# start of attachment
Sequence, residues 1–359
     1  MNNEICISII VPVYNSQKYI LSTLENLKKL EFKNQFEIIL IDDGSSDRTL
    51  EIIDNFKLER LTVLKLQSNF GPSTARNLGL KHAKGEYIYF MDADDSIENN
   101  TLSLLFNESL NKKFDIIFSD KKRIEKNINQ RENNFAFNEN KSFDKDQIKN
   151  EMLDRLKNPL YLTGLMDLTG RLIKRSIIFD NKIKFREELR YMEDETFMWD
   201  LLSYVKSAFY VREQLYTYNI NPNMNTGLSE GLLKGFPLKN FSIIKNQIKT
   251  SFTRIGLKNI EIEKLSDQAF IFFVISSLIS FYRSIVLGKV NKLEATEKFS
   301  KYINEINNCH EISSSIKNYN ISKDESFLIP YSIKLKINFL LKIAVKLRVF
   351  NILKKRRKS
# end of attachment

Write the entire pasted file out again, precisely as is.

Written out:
Sequence, residues 1–359
     1  MNNEICISII VPVYNSQKYI LSTLENLKKL EFKNQFEIIL IDDGSSDRTL
    51  EIIDNFKLER LTVLKLQSNF GPSTARNLGL KHAKGEYIYF MDADDSIENN
   101  TLSLLFNESL NKKFDIIFSD KKRIEKNINQ RENNFAFNEN KSFDKDQIKN
   151  EMLDRLKNPL YLTGLMDLTG RLIKRSIIFD NKIKFREELR YMEDETFMWD
   201  LLSYVKSAFY VREQLYTYNI NPNMNTGLSE GLLKGFPLKN FSIIKNQIKT
   251  SFTRIGLKNI EIEKLSDQAF IFFVISSLIS FYRSIVLGKV NKLEATEKFS
   301  KYINEINNCH EISSSIKNYN ISKDESFLIP YSIKLKINFL LKIAVKLRVF
   351  NILKKRRKS